“For all my flaws, I believe I have been chosen by God and commissioned by history to be the model to the world of justice and inclusion and diversity without division.”
If I dared utter such words in public, people rightly would laugh at the absurdity of the claim or angrily chastise me for my arrogance, or both. On the surface, the hubris of the statement suggests I am the person least likely to be chosen by God to do anything but embarrass myself.
Yet when George W. Bush -- trying to recover from his association with the painfully public bigotry of Bob Jones University -- boldly proclaimed last week that the United States had been so chosen and commissioned, it was dutifully reported in the press without a hint of irony or sarcasm.
Forget about the obvious problems with his statement as it applies to race and ethnicity -- that those “flaws,” which include a brutal history of genocide of indigenous people, African slavery and the legalized subordination of non-whites, and an ongoing social and economic apartheid, render the claim absurd. The deeper problem with Bush’s remarks is what we might call the pathology of the anointed.
The invocation of a direct connection to God and truth is a peculiar, and particularly dangerous, feature of American history. The story we tell ourselves goes something like this:
Other nations throughout history have acted out of greed and self-interest, seeking territory, wealth and power. They often did bad things in the world. Then came the United States, touched by God, a shining city on the hill, whose leaders created the first real democracy and went on to be the beacon of freedom for people around the world. Unlike the rest of the world, we act out of a cause nobler than greed; we are both the model and the vehicle for bringing peace, freedom and democracy to the world.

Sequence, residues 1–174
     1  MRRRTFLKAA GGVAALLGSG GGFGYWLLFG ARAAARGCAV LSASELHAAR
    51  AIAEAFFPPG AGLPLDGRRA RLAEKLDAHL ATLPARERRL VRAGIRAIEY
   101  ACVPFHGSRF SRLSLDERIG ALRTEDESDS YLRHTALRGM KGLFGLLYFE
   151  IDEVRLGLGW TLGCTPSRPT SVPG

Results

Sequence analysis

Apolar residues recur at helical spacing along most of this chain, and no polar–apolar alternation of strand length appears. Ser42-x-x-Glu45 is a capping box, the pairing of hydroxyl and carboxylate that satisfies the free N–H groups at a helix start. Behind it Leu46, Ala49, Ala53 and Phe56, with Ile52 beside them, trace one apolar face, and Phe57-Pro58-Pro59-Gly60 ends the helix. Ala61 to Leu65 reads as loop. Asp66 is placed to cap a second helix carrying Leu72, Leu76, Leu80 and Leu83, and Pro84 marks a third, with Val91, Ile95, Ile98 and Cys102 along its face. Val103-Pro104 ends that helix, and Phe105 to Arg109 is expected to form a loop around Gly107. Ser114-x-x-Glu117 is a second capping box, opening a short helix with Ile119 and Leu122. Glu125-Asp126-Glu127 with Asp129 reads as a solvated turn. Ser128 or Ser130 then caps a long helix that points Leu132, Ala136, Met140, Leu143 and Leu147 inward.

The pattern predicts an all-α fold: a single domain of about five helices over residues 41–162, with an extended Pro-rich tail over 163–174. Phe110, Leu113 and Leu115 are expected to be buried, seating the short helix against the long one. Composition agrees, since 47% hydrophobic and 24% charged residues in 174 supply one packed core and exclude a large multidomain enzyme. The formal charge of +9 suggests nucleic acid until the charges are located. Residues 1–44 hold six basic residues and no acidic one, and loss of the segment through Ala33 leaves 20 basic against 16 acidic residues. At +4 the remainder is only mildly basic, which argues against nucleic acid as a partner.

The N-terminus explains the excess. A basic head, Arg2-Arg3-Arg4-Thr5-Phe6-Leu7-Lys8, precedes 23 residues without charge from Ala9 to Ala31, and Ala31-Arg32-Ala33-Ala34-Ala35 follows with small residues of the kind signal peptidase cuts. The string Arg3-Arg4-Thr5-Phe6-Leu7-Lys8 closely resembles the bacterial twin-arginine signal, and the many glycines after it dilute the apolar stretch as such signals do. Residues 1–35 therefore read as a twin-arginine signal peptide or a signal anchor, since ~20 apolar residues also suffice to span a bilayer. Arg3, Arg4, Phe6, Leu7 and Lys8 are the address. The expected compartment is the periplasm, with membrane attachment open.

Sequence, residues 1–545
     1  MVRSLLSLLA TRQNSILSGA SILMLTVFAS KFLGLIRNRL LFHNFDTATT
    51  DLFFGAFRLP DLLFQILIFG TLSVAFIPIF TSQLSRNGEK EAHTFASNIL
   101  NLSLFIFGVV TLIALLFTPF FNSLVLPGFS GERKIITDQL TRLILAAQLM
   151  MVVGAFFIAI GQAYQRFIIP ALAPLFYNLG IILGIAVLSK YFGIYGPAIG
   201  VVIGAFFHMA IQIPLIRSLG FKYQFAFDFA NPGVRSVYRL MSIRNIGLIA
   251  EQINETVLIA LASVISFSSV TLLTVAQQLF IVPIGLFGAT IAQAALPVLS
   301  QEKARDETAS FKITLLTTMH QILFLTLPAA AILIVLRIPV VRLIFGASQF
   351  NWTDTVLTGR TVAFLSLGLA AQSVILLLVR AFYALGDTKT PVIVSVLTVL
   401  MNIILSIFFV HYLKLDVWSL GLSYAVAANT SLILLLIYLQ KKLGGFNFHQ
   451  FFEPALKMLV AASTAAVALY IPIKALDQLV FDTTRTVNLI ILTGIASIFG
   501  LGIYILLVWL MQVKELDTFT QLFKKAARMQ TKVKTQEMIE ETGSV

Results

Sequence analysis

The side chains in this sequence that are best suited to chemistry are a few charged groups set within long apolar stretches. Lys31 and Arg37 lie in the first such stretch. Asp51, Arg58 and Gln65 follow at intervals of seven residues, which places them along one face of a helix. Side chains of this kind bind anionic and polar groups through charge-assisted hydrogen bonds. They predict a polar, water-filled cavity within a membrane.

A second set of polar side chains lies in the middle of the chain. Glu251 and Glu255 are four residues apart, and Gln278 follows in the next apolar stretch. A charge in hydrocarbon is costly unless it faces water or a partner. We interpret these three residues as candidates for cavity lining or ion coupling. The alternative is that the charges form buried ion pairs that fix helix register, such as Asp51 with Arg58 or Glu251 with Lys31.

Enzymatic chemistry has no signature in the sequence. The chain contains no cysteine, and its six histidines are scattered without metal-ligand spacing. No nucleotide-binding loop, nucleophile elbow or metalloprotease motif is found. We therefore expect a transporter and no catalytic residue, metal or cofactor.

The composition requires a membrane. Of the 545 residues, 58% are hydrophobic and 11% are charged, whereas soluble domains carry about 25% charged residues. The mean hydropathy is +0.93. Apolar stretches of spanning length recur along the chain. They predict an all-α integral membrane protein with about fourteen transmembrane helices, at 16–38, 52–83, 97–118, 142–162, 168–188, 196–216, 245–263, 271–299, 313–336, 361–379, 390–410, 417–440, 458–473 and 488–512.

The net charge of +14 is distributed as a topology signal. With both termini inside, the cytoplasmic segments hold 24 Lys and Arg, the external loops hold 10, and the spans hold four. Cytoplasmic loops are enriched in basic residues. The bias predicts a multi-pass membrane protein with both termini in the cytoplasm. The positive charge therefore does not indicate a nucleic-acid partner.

That is a story that can be believed only in the United States -- and there only by a certain privileged segment of the population -- by people sufficiently insulated from the reality of U.S. actions abroad to maintain such illusions. But try selling the idea to the people of Guatemala, still rebuilding their country from the legacy of four decades of terror at the hands of a military government installed and funded by the United States.
Try explaining the United States’ chosen status to the children of Iraq, who were dying at the rate of 5,000 a month because this country continued to back the harshest economic embargo in modern history. Try defending the thesis to the people of Vietnam, who for a decade stood up to U.S. bombs, bullets and chemical warfare because they wouldn’t accept “freedom” managed by a U.S. puppet government.
The United States, in short, acts like a nation-state, and nation-states are not benevolent institutions. For much of its history, the United States also has been a great power, and the record of great powers is even less savoury. Now, as what folks like to call “the lone superpower,” the future behaviour of U.S. policymakers is unlikely to suddenly become saintly.
We expect individuals who proclaim themselves chosen by God or commissioned by history either to be hucksters, cloaking themselves in a higher calling to cover crasser motives, or simply psychotic. There is no reason to think anything else when such claims are made at the level of the nation-state.
It is tempting to laugh at and dismiss these rhetorical flourishes of pandering politicians, but the commonness of the chosen-by-God assertions and the lack of outrage or amusement at them suggests that the claims are taken seriously both by significant segments of the public and the politicians. Just as it has been in the past, the consequences of this pathology of the anointed will be borne not by those chosen by God, but by those against whom God’s-chosen decide to take aim.
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